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2017-18 Australia Council International Residencies announced

The Australia Council for the Arts has today announced the 21 successful artists for the 2017-18 International Residencies program. The residencies will provide the artists with the opportunity to develop their practice and build knowledge, networks and partnerships.

Australia Council for the Arts Chief Executive Tony Grybowski congratulated the successful artists and said the Council’s research revealed that artists who undertook residencies felt that it provided critical time and space to advance their professional practice and immerse themselves in a new arts context, community and market.

“An international residency enriches the work of the artist and contributes to Australia’s engagement with creative innovation and meaningful cultural exchange. This is a unique experience for artists to immerse themselves in their chosen art form within a global context, creating connections and partnerships that will support and influence their future work,” Mr Grybowski said.

The Australia Council has offered international residencies since 1979, forging relationships with some of the best international residency providers and delivering world-class opportunities for Australian artists across North America, Europe, and Asia.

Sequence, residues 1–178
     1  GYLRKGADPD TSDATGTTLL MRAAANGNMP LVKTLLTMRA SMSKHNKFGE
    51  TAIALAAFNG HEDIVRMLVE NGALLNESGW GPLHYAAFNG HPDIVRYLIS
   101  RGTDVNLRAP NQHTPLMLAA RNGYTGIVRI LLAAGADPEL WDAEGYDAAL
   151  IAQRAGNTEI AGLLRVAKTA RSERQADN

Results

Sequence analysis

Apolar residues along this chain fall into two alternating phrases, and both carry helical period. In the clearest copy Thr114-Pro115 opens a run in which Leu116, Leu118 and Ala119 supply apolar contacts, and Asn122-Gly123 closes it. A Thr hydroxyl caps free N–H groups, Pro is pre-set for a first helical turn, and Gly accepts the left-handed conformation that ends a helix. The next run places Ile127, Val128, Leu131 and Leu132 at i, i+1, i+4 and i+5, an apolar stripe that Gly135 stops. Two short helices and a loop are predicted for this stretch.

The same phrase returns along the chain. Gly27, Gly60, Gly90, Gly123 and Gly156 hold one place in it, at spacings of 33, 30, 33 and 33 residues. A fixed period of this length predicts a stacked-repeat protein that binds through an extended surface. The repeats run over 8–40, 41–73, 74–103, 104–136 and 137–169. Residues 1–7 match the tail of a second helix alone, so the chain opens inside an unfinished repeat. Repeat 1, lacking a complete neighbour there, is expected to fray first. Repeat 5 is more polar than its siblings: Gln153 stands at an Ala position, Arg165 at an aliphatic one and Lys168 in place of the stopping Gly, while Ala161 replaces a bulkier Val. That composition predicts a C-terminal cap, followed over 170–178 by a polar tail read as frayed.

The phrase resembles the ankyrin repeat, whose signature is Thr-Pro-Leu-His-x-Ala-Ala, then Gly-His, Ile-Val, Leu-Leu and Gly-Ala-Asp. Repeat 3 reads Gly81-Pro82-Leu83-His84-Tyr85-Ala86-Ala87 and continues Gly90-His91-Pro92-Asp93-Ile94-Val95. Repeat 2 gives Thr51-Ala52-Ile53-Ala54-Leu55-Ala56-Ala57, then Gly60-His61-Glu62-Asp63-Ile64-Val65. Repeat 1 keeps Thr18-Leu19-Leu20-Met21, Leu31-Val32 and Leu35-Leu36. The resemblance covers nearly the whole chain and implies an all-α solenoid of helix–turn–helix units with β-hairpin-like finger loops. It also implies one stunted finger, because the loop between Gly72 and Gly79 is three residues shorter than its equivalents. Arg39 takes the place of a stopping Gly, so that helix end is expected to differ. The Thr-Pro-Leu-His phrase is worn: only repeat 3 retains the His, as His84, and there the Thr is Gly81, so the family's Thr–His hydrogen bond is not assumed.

The 2017-18 Australia Council for the Arts International Residency artists are:

ACME, London CLAIRE LAMBE (Northcote VIC)

DIANA SMITH (Elizabeth Bay NSW)

BR Whiting, Rome JOSEPHINE ROWE (West Hobart TAS)


Cité International des Arts Studio, Paris MELISSA ASHLEY (Riverhills QLD)


NICOLA GUNN (East Melbourne VIC)


Experimental Media and Performing Arts Centre, New York

MISH GRIGOR (Werrington NSW)
Helsinki International Artist Programme, Helsinki LAITH McGREGOR (Kuluin QLD)




Keesing Studio, Paris MICHELLE WRIGHT (Eltham VIC)


Kluge-Ruhe, Virginia CAROL McGREGOR (Ashgrove QLD)


Künstlerhaus Bethanien, Berlin


Nashville Songwriters’ Residency, USA LARISSA TANDY (Murchison VIC)

Omi International Arts Centre (Dance), New York

Omi International Arts Centre (Music), New York JEREMY ROSE (Marrickville NSW)